I’ve been trying to cram reading time for as many books as I can to get through my massive to-read pile that’s looming near my bed, and I’ve been moderately successful this summer (though continuously adding new volumes isn’t helping my efforts). This week, I finished up A God in Ruins, Kate Atkinson’s companion piece to Life After Life; it was beautiful and heart wrenching and made me very aware of my own mortality. I also started Ann Patchett’s essay collection, This Is the Story of a Happy Marriage, on loan from Erin, and I’m trying to read it slowly because it’s my last unread book of hers.
For years I was very content with the fact that I am a slow runner—jogger, really. But with two young children and less time to log more miles and feel like I was really giving myself a workout, I’ve started to look for more time efficient ways to keep in shape and reduce stress. This NYT story on a new high intensity running program that is billed as more “fun” than others caught my eye, and while I can’t be sure how well it’s working, it actually has been more fun than my same old slow jaunt around the neighborhood.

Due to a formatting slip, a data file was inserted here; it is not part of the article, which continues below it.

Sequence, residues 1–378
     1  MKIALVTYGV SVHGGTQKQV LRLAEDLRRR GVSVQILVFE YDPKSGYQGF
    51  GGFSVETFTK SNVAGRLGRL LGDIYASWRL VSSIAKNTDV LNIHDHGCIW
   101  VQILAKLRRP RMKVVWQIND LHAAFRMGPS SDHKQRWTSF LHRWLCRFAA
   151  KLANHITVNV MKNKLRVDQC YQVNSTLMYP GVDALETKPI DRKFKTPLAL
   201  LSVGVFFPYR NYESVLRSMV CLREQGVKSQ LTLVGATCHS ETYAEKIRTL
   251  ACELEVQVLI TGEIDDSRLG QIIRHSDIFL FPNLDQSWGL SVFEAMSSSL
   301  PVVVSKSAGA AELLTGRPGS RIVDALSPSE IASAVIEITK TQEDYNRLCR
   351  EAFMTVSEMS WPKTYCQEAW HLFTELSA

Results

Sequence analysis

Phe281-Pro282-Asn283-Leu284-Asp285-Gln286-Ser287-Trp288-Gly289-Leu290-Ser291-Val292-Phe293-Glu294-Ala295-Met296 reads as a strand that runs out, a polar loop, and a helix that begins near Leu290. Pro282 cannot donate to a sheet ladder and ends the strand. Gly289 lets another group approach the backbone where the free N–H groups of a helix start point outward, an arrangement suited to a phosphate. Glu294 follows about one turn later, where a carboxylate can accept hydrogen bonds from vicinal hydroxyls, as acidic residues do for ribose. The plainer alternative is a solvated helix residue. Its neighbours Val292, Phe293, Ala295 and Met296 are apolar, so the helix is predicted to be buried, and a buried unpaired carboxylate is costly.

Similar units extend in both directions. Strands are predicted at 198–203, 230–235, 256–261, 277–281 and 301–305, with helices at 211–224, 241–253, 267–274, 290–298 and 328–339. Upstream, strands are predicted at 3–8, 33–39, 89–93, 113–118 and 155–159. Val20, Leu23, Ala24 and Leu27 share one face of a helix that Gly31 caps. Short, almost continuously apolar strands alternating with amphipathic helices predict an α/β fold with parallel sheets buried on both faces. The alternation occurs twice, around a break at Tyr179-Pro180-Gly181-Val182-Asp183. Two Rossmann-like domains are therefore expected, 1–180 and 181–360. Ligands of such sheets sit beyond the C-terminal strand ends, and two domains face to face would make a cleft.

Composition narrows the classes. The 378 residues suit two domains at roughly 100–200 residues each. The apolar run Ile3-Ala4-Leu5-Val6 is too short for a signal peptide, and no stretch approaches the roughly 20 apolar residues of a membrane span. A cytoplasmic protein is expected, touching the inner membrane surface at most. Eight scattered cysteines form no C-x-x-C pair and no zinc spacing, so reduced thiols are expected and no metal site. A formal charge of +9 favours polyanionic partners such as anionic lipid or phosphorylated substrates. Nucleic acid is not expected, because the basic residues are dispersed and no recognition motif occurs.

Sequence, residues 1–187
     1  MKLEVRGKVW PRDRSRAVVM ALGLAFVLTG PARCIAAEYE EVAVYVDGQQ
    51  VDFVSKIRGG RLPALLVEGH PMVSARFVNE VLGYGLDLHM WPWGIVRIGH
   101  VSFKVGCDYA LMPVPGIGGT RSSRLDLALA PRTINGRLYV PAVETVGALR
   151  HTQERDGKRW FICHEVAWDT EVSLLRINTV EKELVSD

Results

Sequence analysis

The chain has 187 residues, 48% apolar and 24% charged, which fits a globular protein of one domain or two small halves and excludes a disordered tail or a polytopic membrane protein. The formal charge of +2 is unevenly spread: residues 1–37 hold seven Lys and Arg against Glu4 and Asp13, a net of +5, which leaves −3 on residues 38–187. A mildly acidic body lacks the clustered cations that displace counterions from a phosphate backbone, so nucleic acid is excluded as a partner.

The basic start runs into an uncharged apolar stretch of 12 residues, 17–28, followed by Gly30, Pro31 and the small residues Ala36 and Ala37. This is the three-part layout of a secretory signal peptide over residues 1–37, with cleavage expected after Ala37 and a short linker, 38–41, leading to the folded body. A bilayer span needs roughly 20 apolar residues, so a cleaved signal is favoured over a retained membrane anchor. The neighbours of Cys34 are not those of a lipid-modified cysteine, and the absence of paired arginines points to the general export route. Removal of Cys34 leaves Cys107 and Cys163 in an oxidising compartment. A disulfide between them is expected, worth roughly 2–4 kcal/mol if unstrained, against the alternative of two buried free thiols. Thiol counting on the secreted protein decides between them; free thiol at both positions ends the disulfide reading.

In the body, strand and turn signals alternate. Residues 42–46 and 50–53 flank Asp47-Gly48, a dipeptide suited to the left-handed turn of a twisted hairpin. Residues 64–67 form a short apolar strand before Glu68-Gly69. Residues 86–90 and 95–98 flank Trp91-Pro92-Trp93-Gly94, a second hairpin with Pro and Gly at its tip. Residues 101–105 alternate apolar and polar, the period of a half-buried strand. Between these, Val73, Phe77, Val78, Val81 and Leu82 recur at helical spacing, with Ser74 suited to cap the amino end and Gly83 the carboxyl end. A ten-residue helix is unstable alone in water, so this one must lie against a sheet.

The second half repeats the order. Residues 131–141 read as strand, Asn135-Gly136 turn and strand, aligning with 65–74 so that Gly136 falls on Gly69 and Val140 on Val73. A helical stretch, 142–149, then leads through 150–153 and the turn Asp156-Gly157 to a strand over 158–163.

My husband and I don’t necessarily agree on what age we should start our son in kindergarten. He’s three now, so we have a bit of time, but “redshirting” is a frequently recurring topic of discussion in our house. (Interestingly, it’s not a conversation we’ve ever had about our daughter, who will be starting kindergarten at age five in a few weeks.) My husband has provided me with many books and articles arguing his case, so I need to be able to share my side of the argument as well. While this article doesn’t necessarily make our conclusion clear, it certainly gives us some interesting things to think about.
This Buzzfeed story about a young woman enrolled at Dartmouth and fearing her unstable and persistent stalker is a terrifying one, but it was particularly interesting to read about how the leader of a pro-gun movement attempted to co-opt Taylor Woolrich’s experience for his own gain.
A lot of what we think about hunger is just flat wrong. In most cases, it’s not a matter of too many people and too little food. This Lucky Peach interview sheds some light on what it might take to end food insecurity in America.
Follow us on Twitter!
Here’s a look at what we were tweeting this week:
— Ali Lincoln (@AliLincolnTVP) August 12, 2015
— Kristine Maloney (@kristinemaloney) August 10, 2015
— Erin A. Hennessy (@ErinAHennessy) August 12, 2015
— Kyle Gunnels (@kgunnels) August 10, 2015
— Teresa Valerio Parrot (@tvparrot) August 13, 2015
— TVP Communications (@TVPComms) August 11, 2015